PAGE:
As for the culling part, what exactly do you mean?
If there are fry born that look abnormal, I should terminate them?
Or I should get a 2nd opinion that my guppies are healthy?
I've never had a disease in my tank, or mass unexplained fish deaths.

They have all their fins completely intact, and they have great color.
One has a silverish body, with hints of orangish, with a really neat bright orange tail, but spotted like a leopard. Her name is Nona.
The other has a silverish body, with hints of blue, and a tail that is almost translucent, that is so multicolored, I can't even begin to list them. Her name is Decima.
And the last one has a silver body, going black towards the back. and a pure black tail fin. Her name is Morta.
Yes they are named after the Parcae, otherwise known as The Fates.

I do have a plan for the fry, but there isn't really a deadline.
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Old 03-30-2009, 04:53 AM   #5
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I looked at some Endlers.
I'd like to find some in specific colors I saw pictures of.
Personally though, I would give it a try breeding them with guppies, but they are pretty spectacular on their own.

Also, if I have a female with a tailfin I love, what would be my best course of action in trying to get fry with those colors? Is it hit or miss?
Nona's tailfin is vibrant orange, with black spots all over it.
Would I end up with some fry with that tail, some like the father's, some a mix of the two, or a combination of all of these? Just not sure how it works with fish haha. Up until I was given these 3 fish, I basically had no idea wtf a guppy was.


My decision to breed guppies has prompted me to get more and larger tanks. I have right now..... A 10G, a 5G, a 3G (not using right now) and a 1G (also not using right now). Tomorrow I am picking up a 29G and a 20G.

So the question is, what would be the best possible use of these tanks?
I need 1 for fry, and 1 for breeding. How much space are the fry of 3 females, over the course of say..... 2-3 months going to require.
And that's the long end of it, I think most of them will be gone right away, except for ones I will be wanting to breed in the future.
I'd like to have the 20G or 29G for my pet fishies. I'm upgrading , and these are the fish I purchase because they please me to watch. I might as well do it in a bigger fancier tank. (These guys will go in my office, and the other tanks will be in the living room) It's not really necessary though, because maybe they really like their current home, and they would like it even more if some roommates gave notice. I think everybody gets that feeling at least once.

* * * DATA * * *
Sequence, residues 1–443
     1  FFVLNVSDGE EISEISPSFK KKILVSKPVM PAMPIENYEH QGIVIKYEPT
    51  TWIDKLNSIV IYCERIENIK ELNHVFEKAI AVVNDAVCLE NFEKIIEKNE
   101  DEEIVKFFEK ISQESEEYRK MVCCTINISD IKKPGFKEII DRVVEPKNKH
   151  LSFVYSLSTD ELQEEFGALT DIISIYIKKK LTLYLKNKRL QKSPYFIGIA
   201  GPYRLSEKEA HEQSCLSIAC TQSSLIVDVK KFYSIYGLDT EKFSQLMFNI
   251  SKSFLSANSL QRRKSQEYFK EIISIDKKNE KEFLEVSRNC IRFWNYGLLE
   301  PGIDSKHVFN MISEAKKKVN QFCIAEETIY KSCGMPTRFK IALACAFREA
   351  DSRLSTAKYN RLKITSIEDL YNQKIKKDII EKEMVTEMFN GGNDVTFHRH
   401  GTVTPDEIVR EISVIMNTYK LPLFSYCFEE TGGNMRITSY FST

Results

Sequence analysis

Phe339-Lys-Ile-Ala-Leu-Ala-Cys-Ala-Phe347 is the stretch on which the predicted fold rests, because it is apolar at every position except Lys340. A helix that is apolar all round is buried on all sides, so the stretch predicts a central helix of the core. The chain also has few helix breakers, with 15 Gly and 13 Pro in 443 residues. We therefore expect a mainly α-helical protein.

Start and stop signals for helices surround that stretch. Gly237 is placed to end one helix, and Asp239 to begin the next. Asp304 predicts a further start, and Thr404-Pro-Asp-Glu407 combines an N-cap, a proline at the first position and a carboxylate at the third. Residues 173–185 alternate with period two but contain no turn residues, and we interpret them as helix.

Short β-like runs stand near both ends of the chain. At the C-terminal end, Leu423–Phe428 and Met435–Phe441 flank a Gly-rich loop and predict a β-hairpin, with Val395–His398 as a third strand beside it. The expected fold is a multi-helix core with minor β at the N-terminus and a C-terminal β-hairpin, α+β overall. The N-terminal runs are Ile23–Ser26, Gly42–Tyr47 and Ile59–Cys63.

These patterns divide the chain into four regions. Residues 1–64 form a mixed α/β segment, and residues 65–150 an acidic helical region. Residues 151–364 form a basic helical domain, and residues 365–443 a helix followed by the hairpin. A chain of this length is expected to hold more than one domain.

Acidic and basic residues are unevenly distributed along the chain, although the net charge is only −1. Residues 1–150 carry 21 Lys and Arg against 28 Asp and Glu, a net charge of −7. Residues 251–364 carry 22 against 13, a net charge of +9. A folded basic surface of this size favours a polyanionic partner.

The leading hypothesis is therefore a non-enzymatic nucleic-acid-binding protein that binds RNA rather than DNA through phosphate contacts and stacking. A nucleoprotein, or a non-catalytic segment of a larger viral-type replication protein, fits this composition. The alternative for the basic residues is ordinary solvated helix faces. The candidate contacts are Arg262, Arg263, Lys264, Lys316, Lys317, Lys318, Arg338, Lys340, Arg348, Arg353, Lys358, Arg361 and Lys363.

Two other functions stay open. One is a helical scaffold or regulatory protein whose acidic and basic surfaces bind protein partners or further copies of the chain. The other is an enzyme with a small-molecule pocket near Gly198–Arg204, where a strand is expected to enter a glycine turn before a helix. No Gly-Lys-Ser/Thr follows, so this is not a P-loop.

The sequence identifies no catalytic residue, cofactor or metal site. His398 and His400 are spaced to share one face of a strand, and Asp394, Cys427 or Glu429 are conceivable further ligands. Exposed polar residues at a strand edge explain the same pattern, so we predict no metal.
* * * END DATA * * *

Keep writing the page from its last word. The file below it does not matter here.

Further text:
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Old 03-30-2009, 08:28 AM   #6
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You honestly don't need a tank for breeding if your breeding livebearers like you are. Just make sure when the female is pregant, that you put her in a breeder trap.
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Old 03-30-2009, 10:25 AM   #7
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Since your current guppies' genetic history is unknown and the male's are likely to be to, it's basically impossible to say what you will get colorwise. There are so many genes at work that it's hard to say. It takes more than one gene to produce any trait, too. It's like breeding two mutt dogs...you know they'll be dogs, but you can't expect what the puppies will look like.

If you want a higher chance of success (but you'll never know how much higher, really), breed the female with a male similar to her. Even then, you are VERY likely to get some that look nothing like either. There's no fool proof way to get exactly the guppy you want.
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Old 03-30-2009, 01:13 PM   #8
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Culling is when you don't allow a deformed guppy to breed. Either feeding it to a larger fish or putting it in a tank by itself. A lot of guppies are so inbred the genetic problems become a problem, usually bent spine but there is a lethal gene that is linked to color as well.

If you are just wanting a group of pretty guppies find a male that you like and use him. Red is dominate keep that in mind when picking a male.
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Old 03-30-2009, 02:04 PM   #9
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I have to thank you all so much for answering my questions.
It's been a huge help. As for tanks, I was out this morning with my sister, and she threw down a little bit of money, and I got a 33G and a 25G.
I also picked up two breeding traps, stocked up on frozen fish foods, and bought another test kit.
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Old 03-30-2009, 03:50 PM   #10
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Haha, I took the 25G out of the box and it had a huge crack down the side.
Another trip across the street, they replaced the tank for free.
I also picked up 2 new heaters, with dials, MORE frozen fish food, some valves and tubing, decorations, backgrounds, a variety of live plants (no idea which were best) and all that jazz.
Can I assume that when purchasing a starter kit, the equipment that comes with it isn't the greatest quality? Would there be anything in that kit that would be a good idea to replace while I can get everything super cheap?
This project is bordering on costing me a fortune here, but I don't really mind.
I think hobbies usually do....